Humana is suing a company it claims infringed on its trademark by using its subsidiary's name in advertisements that aired on the Rush Limbaugh radio show.
The insurer claims it has suffered the backlash of the Preval Group's advertisement of its Concentra memory aid pills during Limbaugh's show last week. Humana, which is the parent company of Concentra Health Services, filed a lawsuit Thursday in federal court in Louisville to stop Preval from using the Concentra name, reported the Associated Press.
The ads aired at the height of public criticism surrounding Limbaugh's controversial remarks about a Georgetown law student who advocated for contraception coverage from insurers. As a result, Humana said it has received angry phone calls, emails, tweets and Facebook posts from people opposed to Limbaugh's comments who say they will stop doing business with the company, according to Bloomberg.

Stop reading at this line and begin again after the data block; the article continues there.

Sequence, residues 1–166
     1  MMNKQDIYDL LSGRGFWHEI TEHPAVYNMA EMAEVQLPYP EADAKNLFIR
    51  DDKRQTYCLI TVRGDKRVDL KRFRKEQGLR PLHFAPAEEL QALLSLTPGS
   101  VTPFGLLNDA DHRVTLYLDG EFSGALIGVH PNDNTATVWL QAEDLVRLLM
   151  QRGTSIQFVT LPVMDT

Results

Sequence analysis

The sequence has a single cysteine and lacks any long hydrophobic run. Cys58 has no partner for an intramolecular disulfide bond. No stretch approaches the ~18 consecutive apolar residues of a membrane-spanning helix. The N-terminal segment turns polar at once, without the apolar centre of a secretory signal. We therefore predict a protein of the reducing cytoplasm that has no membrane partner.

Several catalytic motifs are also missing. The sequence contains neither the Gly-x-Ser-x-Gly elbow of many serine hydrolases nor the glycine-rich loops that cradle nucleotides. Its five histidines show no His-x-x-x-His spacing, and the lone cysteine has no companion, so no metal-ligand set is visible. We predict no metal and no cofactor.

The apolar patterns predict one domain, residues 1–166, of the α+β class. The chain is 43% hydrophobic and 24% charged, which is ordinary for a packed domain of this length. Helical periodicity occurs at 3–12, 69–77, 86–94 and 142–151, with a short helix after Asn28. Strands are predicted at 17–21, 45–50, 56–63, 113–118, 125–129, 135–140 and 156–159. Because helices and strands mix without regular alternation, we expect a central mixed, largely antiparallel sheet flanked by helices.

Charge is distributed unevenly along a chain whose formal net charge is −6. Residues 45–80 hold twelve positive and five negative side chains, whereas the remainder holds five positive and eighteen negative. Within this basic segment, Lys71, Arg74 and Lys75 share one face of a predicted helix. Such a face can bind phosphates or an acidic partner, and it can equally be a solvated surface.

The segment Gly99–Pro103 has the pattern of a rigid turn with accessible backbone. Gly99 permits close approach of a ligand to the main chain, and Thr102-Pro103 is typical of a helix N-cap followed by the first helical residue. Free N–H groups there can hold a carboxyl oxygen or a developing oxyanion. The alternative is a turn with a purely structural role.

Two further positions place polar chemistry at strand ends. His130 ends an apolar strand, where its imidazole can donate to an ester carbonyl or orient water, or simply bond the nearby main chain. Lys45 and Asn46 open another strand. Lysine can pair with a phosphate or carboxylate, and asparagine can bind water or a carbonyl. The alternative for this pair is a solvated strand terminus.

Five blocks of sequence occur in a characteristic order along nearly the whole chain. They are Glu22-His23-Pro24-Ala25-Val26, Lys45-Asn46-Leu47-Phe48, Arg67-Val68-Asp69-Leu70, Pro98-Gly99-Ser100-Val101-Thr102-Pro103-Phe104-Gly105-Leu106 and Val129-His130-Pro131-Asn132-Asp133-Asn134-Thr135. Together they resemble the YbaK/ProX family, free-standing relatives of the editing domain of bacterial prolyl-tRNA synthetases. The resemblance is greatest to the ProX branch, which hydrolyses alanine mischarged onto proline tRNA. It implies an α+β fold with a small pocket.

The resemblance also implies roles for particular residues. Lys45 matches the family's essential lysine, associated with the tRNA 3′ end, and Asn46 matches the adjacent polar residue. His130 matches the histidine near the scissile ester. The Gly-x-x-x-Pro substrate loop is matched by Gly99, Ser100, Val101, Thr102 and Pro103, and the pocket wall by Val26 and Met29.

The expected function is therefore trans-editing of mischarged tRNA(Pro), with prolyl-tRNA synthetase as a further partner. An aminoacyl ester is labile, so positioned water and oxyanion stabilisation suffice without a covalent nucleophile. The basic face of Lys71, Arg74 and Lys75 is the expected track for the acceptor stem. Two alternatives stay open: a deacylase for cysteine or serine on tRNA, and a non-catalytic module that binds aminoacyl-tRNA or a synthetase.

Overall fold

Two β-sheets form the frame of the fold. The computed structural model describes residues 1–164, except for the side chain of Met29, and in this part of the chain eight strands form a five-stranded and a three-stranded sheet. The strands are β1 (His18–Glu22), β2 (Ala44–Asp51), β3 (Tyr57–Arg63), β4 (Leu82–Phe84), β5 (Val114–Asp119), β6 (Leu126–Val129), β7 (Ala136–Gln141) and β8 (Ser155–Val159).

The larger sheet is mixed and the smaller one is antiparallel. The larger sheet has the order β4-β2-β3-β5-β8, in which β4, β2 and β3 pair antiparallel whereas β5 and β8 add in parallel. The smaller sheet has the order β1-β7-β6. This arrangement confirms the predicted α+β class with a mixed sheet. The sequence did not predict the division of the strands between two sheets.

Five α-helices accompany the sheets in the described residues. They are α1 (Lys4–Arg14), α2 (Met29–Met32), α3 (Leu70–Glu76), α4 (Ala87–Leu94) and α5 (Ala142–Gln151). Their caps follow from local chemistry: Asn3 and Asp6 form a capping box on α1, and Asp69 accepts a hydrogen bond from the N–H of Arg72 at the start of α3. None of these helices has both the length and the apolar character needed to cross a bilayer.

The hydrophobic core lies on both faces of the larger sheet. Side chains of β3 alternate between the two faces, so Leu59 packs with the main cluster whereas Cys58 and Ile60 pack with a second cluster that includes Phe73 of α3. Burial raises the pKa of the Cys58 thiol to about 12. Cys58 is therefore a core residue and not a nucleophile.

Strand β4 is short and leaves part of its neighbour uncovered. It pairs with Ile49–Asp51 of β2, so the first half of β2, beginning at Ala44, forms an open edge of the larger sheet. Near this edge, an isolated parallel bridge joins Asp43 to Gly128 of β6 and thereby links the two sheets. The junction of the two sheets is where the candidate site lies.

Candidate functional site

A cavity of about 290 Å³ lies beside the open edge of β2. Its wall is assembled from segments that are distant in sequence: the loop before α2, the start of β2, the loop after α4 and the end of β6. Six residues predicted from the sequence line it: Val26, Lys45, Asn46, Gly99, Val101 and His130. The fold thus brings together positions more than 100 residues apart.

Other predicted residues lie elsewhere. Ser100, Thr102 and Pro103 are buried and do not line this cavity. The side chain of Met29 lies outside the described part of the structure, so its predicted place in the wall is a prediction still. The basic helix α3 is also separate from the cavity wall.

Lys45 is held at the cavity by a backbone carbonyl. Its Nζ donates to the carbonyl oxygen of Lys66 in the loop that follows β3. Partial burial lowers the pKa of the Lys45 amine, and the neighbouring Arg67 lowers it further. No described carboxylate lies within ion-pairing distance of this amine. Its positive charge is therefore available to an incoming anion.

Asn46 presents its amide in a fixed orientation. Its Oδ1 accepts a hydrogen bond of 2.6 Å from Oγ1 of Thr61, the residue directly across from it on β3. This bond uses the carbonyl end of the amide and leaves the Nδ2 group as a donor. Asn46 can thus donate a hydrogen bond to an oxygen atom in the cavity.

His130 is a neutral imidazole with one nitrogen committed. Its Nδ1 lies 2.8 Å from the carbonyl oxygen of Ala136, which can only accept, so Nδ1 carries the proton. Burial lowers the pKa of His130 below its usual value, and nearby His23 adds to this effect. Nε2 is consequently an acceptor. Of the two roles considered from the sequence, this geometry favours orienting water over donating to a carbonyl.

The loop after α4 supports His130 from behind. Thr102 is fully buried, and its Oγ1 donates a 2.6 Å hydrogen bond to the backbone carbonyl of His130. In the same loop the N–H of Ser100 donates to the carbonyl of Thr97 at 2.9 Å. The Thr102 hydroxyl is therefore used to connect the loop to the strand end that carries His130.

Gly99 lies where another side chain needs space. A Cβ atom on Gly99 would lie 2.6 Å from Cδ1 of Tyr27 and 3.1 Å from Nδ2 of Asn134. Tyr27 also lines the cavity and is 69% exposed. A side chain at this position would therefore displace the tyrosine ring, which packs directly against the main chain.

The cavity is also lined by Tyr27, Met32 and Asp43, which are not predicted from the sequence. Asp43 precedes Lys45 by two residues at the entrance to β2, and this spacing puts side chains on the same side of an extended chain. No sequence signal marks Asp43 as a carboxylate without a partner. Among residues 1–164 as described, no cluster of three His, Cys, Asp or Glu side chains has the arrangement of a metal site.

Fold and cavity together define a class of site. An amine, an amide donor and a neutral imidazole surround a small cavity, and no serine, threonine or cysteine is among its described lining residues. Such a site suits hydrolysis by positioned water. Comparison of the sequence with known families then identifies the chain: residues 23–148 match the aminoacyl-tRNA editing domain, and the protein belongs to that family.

Humana claims Preval deliberately advertised for its memory pills on the Limbaugh program to "garner widespread attention," a decision that has caused Humana customers to mistakenly associate the Concentra memory pills with its Concentra unit.
The two companies have been embroiled in a dispute over the Concentra name since late last year. After Preval ran a newspaper ad in October 2011, Humana demanded it stop advertisements using the name Concentra because it infringed on Humana's trademark. "Specifically, we are concerned that customers may believe that Humana is the source of products and services being offered by Preval Direct and/or Preval Group or that those goods and services are endorsed by Humana," Humana's attorney, Kenneth Viers, wrote Nov. 3. But instead of complying with Humana's request, the Preval Group began advertising nationally and purchasing keyword advertising terms.
Concentra has posted a statement on its website related to the Limbaugh show advertising controversy, The Hill's Healthwatch reported. "We are not affiliated with this company or this product in any way," the company wrote. "We apologize for any confusion created by this event, but assure you that this advertising is not from our company."
Preval spokeswoman Jackaline Rutter told Bloomberg that the companies "are currently working to reach an agreement." She added that Preval didn't buy Concentra advertising specifically targeted for the Limbaugh show, but rather for any program airing between 7 a.m. and 7 p.m. in New York.